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Contact CBS researcher: Kristian Høyer Toft

Seeing Is Not Always Believing: An Exploratory Study of Clickbait in WeChat.
Abstract: Purpose – The purpose of this study is to unpack the antecedents and consequences of clickbait prevalence in online media at two different levels, namely, (1) Headline-level: what characteristics of clickbait headlines attract user clicks and (2) Publisher-level: what happens to publishers who create clickbait on a prolonged basis.
Design/methodology/approach – To test the proposed conjectures, the authors collected longitudinal data in collaboration with a leading company that operates more than 500 WeChat official accounts in China. This study proposed a text mining framework to extract and quantify clickbait rhetorical features (i.e. hyperbole, insinuation, puzzle, and visual rhetoric). Econometric analysis was employed for empirical validation.
Findings – The findings revealed that (1) hyperbole, insinuation, and visual rhetoric entice users to click the baited headlines, (2) there is an inverted U-shaped relationship between the number of clickbait headlines posted by a publisher and its visit traffic, and (3) this non-linear relationship is moderated by the publisher’s age. Research limitations/implications – This research contributes to current literature on clickbait detection and clickbait consequences. Future studies can design more sophisticated methods for extracting rhetorical characteristics and implement in different languages.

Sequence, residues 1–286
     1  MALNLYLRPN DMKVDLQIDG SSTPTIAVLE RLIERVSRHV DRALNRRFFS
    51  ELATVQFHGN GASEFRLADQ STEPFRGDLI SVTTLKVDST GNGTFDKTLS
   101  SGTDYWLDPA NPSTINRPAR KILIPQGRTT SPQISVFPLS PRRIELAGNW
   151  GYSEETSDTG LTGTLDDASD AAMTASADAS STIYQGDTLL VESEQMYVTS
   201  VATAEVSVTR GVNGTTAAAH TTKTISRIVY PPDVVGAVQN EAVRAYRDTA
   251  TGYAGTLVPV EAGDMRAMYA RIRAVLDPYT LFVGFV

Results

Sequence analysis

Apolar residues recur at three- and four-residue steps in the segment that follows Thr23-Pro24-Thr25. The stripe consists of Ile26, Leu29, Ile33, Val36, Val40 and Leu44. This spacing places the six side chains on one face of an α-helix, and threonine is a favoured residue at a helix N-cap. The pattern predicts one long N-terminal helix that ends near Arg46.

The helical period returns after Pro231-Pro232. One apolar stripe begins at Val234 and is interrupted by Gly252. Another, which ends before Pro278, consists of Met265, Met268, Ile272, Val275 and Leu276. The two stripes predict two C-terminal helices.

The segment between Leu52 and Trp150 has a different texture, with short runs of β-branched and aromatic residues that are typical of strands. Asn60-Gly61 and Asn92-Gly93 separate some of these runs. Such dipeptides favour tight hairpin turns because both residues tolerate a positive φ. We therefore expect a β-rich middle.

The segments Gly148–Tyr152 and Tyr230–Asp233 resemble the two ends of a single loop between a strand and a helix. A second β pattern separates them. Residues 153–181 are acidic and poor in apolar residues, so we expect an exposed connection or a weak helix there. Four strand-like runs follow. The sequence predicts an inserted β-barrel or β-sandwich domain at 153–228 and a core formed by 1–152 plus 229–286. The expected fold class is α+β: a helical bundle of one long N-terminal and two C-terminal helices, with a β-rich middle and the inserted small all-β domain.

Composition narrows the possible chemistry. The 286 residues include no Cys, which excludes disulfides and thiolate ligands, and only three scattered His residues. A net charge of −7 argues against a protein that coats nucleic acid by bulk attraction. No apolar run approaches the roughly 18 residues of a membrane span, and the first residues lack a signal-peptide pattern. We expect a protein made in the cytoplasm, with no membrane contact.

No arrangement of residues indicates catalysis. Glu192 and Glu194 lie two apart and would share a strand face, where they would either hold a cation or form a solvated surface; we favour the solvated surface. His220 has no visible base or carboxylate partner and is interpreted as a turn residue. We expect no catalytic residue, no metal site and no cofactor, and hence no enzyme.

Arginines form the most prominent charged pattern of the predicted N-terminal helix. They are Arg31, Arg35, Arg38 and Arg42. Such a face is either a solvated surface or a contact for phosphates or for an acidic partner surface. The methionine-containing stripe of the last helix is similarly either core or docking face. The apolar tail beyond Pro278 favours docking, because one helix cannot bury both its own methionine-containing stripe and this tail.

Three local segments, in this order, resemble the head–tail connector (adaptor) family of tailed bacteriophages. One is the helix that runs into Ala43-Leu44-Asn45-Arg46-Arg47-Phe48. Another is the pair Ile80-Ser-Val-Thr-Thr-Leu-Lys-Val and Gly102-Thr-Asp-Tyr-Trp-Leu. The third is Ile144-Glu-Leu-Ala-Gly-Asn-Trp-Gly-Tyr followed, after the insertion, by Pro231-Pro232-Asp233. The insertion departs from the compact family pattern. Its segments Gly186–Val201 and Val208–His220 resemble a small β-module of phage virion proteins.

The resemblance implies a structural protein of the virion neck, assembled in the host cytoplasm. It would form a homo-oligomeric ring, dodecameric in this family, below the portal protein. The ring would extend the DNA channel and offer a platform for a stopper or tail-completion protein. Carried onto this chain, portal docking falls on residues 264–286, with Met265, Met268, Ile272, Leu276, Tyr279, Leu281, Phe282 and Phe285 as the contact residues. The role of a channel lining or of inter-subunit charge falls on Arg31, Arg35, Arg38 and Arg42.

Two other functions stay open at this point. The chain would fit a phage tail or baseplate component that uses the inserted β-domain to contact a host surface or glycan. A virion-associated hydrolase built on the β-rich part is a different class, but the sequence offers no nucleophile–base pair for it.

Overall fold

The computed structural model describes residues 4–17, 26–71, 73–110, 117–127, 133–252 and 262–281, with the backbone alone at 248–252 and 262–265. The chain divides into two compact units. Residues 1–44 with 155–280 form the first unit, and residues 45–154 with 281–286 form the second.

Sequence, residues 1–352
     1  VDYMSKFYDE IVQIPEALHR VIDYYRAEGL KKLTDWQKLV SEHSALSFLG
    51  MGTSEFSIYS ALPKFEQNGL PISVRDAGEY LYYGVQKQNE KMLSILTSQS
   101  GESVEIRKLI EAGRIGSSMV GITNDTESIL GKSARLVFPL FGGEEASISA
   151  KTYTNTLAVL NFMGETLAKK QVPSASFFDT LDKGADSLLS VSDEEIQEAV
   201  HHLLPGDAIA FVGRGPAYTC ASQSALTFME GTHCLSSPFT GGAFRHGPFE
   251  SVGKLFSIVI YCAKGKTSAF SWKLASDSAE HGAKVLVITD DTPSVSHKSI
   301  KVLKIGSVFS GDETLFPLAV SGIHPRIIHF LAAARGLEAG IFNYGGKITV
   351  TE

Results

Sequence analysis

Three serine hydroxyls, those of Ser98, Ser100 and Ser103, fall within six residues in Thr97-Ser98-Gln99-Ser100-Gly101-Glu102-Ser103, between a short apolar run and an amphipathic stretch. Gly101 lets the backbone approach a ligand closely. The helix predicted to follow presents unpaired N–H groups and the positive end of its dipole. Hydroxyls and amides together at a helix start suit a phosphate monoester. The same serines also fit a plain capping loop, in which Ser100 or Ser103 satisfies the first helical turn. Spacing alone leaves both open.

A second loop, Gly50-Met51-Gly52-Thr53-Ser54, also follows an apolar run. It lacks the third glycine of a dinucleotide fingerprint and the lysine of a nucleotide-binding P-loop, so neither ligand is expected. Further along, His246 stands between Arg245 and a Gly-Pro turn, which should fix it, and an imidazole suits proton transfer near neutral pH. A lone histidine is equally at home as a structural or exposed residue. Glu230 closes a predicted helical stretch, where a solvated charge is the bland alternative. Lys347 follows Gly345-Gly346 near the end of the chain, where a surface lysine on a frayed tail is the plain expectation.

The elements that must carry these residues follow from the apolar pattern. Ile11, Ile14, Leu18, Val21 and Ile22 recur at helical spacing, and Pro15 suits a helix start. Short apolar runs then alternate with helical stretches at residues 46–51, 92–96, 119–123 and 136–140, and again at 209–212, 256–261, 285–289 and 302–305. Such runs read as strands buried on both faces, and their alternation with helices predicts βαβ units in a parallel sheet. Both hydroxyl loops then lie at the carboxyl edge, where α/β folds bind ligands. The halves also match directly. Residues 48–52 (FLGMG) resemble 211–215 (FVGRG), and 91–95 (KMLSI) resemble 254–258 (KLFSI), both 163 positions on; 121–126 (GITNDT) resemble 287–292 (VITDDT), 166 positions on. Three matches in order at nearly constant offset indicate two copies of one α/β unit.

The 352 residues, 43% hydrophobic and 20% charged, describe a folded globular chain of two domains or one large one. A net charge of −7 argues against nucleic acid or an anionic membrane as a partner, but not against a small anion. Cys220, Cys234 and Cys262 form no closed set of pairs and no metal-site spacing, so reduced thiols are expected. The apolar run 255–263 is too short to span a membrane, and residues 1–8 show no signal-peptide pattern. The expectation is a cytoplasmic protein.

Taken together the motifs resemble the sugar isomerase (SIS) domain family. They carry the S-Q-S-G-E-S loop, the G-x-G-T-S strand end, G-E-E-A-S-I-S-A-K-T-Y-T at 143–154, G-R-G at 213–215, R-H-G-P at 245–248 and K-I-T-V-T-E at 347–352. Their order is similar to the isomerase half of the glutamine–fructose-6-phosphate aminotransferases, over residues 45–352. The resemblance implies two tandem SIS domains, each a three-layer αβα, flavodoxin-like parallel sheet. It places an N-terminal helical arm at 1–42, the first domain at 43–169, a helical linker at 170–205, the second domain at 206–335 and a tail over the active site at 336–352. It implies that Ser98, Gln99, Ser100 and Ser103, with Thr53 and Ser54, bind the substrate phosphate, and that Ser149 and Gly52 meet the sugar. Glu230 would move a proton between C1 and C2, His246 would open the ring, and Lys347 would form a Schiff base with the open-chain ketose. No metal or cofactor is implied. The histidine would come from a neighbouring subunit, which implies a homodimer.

Practical implications – The findings could aid online media publishers to design attractive headlines and develop clickbait strategies to avoid user churn, and help managers enact appropriate regulations and policies to control clickbait prevalence.
Originality/value – The authors propose a novel text mining framework to quantify rhetoric embedded in clickbait. This study empirically investigates antecedents and consequences of clickbait prevalence through an exploratory study of WeChat in China